The opportunity to have a break from routine and to experience something different is what a holiday or a trip is all about. However, a diagnosis of dementia can make travelling more difficult. This page looks at some things that may make holiday planning easier and what further sources of help and information that are available.
Someone living with dementia is likely to feel anxious at the prospect of coping with a new routine or an unfamiliar environment. Equally, their family or the person supporting them may be so worried about making sure that everything is going to plan, that they overlook the opportunity to relax and recharge themselves. Therefore, it is a good idea to think ahead about what type of holiday might be the most suitable to the daily life of someone who is now living with dementia.
What type of Holiday to Go
- Family and friends – may offer an opportunity for others to spend time with the person living with dementia so that you (or the person who normally supports them) are able to take a break from each other. Talking openly about the situation and how they can help is a good first step to preparing for your stay.
- Package holidays – where everything is pre-arranged (or all-inclusive) may be much simpler for you. Speak to your chosen travel firm or holiday company before you book and make sure that the resort are aware of, and can accommodate your needs.
- Specialist holidays – a number of organisations in the UK are now catering holiday packages specifically designed to meet the needs of people living with dementia independently or with family support. This form of holidaying is becoming increasingly popular, so looking and booking in advance is highly recommended.
- Plan in enough time to check passports, visas, insurance, medication etc.
- If travelling by air, leave plenty of time to check the airway’s requirements. Most offer a free advisory service for people with conditions that may affect their ability to fly (including dementia) so that any additional help at arrival, check-in, security etc. can be arranged. There may also be a requirement for you to fill in a number of travel forms and have them signed by your doctor.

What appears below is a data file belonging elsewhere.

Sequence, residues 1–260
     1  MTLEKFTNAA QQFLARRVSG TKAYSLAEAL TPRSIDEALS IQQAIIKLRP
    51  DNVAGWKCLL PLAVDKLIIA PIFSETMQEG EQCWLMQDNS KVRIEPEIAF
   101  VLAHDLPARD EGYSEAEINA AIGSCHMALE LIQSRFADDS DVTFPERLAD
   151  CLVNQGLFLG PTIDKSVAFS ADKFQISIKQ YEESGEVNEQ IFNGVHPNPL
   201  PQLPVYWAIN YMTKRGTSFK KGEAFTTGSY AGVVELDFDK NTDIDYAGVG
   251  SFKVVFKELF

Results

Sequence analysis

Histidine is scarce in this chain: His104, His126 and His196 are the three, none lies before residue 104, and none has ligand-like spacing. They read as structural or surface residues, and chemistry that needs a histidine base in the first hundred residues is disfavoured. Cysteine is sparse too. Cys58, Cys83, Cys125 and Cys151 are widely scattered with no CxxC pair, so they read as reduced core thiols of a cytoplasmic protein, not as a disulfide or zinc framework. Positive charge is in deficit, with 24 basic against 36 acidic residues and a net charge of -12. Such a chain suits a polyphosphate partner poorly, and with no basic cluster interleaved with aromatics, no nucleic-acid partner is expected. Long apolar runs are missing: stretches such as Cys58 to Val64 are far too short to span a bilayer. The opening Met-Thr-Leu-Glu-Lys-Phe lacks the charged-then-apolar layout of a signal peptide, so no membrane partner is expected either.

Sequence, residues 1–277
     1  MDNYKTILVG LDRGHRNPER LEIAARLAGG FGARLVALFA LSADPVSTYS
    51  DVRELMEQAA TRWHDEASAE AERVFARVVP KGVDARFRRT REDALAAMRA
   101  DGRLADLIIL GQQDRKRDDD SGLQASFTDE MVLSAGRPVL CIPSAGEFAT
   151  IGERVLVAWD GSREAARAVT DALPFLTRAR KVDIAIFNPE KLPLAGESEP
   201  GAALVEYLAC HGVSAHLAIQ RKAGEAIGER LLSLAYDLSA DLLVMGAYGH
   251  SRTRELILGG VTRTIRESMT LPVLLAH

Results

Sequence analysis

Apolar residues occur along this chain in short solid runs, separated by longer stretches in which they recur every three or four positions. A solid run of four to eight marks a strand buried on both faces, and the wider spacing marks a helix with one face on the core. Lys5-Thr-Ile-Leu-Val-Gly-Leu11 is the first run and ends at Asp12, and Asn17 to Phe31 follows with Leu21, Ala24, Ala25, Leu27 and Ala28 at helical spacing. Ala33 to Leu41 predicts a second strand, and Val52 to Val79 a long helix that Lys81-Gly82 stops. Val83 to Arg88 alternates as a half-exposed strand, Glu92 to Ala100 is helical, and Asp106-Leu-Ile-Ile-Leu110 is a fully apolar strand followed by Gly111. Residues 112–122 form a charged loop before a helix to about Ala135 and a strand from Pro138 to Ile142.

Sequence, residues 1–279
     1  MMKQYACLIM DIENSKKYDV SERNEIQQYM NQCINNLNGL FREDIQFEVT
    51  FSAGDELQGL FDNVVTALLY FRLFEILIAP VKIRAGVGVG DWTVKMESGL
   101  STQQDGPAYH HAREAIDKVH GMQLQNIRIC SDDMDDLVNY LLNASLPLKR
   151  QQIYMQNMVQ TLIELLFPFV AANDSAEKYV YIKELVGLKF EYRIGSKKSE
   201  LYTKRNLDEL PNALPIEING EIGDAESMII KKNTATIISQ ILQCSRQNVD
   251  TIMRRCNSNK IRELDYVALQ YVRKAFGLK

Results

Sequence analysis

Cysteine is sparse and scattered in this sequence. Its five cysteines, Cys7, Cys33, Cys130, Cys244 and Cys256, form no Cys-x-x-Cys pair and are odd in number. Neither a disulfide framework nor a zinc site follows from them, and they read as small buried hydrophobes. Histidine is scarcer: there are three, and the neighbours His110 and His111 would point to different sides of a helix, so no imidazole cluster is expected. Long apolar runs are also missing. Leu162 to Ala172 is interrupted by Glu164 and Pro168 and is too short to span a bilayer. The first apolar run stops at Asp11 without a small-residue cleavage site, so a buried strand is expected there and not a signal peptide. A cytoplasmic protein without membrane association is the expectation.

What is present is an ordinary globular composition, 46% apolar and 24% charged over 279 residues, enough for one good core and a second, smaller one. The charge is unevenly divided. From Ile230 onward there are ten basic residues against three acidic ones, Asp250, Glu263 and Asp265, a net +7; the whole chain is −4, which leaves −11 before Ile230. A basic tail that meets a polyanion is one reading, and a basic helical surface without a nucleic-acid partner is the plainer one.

- Rail companies also offer assistance and help with travel arrangements if you’re intending to go by train.
- If possible, being dropped off and picked up (e.g. by family or friends; taxi services) can take some of the pressure out of your travel planning.
- If travelling by car, try not to drive for more than two hours at a time before having a break. Motorway services can be quite disorientating for people living with dementia. Try not to hurry them and offer reassurance if you sense their anxiety.
- Booking into smaller hotels or resorts may be easier for someone living with dementia to relax in.
- Booking out of season may allow the staff to pay more attention to your individual needs.
- Living with dementia can make people very tired. Allowing time to relax and become familiar with the new surroundings (especially where the en-suite or bathroom is in your/their room) might be helpful.
- Passports, visas (if necessary), insurance, medication (enough to cover unplanned travel delays)
- Contact telephone numbers close to hand with their country codes if travelling abroad. Will you need a phone charger/adapter?
- A mix of cash (kept securely) in case you are not able to withdraw money at your destination (e.g. forgotten PIN number or misplaced bank card).
- House keys safely stored ready for your smooth return home.
Tourism For All: A website with information on all aspects of accessible travel – https://www.tourismforall.co.uk/
Young Dementia UK: Travelling by air – https://www.youngdementiauk.org/travelling-air
Alzheimer’s Association: Travelling – https://www.alz.org/help-support/caregiving/safety/traveling